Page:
thats like buying your loaf of bread where the grocer swears to you that he can not sell it for less than 1 dollar because it cost him 90 c - when he actually paid 40 c for it.  That is cheating and lying in my book and if I found out I would never trust that grocer again.

Its a very different case if the studio just gives you a total fee and refuses to break it down - but then they will likely loose customers like me who will presume they are ripping me off.

ee
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If you must leave the house, go build a home...

The limit of your love is also the limit of your art...
phoenix13
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« Reply #41 on: May 26, 2013, 11:58:51 AM »

I understand.

I have seen studios successfully do it either way -- by giving a package price or by giving a breakdown.  I suppose it really comes down to the relationship between pros and their students. IMV, smart pros will come up with a pricing structure that enables their students to trust them. *shrug*

I don't think this is what is being said but, just ftr, I don't see charging a mark-up as dishonest.  It's standard operating procedure, if you want to make enough profit to stay in business.  There are standard formulas for it that I studied in managerial accounting a billion years ago, so please don't ask me to quote the percentages. I do remember that mark-up was much higher than I'd have thought it should be.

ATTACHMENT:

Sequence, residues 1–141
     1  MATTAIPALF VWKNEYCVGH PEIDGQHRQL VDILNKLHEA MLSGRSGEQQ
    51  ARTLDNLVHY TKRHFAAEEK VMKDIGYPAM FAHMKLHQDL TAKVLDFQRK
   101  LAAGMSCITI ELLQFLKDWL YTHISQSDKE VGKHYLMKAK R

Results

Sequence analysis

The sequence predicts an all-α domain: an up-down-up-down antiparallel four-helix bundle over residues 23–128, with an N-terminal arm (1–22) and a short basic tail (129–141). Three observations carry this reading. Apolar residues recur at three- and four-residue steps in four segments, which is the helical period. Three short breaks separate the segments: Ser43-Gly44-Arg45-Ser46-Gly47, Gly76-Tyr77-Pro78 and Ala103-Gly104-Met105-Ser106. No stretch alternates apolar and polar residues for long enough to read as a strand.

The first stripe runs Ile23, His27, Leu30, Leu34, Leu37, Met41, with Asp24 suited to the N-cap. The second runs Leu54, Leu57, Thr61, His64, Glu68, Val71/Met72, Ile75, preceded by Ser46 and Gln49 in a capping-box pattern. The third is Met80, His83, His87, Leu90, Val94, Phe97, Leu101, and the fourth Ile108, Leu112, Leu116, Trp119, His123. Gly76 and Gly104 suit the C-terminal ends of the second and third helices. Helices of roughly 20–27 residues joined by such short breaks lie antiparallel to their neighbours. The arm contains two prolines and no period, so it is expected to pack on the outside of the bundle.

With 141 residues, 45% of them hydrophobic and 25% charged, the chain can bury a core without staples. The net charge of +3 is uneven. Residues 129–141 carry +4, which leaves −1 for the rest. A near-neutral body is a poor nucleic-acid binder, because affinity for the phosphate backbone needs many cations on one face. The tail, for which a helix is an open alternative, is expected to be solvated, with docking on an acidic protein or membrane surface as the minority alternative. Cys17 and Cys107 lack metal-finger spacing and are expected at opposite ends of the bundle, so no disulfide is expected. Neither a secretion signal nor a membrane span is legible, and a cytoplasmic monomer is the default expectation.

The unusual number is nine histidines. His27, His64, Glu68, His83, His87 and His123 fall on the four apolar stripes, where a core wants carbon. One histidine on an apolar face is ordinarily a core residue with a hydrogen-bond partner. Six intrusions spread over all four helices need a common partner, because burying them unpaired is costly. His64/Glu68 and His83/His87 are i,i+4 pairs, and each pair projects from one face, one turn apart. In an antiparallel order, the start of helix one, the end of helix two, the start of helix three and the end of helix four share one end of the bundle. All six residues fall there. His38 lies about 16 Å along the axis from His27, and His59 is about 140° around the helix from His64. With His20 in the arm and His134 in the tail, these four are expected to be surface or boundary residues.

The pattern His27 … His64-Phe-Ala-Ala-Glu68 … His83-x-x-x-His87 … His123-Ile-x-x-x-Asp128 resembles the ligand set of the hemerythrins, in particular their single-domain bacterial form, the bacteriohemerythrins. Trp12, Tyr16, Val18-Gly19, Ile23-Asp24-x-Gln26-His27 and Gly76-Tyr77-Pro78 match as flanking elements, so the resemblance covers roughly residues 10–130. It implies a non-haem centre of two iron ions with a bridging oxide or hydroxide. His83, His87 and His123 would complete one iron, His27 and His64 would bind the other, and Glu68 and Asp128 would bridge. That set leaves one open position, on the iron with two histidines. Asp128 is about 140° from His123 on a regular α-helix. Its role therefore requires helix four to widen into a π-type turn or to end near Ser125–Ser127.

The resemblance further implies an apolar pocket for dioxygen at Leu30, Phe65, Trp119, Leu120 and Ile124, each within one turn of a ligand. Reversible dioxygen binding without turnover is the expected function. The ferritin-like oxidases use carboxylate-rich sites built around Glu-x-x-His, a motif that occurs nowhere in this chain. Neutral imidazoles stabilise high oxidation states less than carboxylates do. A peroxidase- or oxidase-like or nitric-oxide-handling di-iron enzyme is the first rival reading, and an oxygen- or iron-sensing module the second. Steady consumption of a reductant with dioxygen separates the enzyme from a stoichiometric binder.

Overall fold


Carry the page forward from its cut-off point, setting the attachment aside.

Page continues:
Maybe the reason studios sometimes don't disclose their actual cost is because they don't want to open a conversation with students who don't understand the concept of mark-up or overhead. I have had so many conversations with people who honestly believed that a dance teacher who charges $80 an hour is pocketing $80 an hour.   (floor fees,insurance, music fees, professional training, advertising costs, utilities, opportunity cost of lessons missed,  etc, anyone?) It's silly, but people believe that kind of stuff.  I wouldn't want to have those conversations with students either.


I see two things in this scenario as potentially dishonest.  One: charging a mark-up while saying you're not.   (Although I do understand why teachers might feel pressured to do this.)  Two: Charging exorbitant fees while using the excuse that it's "what the market will bear."    IOW, just because an easily duped pensioner will pay $50K to compete doesn't make it morally acceptable to charge her that much when everybody else is paying a tenth of the price.  That's just wrong, IMHO.

At the end of the day,I'm with ttd.  I like to comparison price, before plunking down major cash.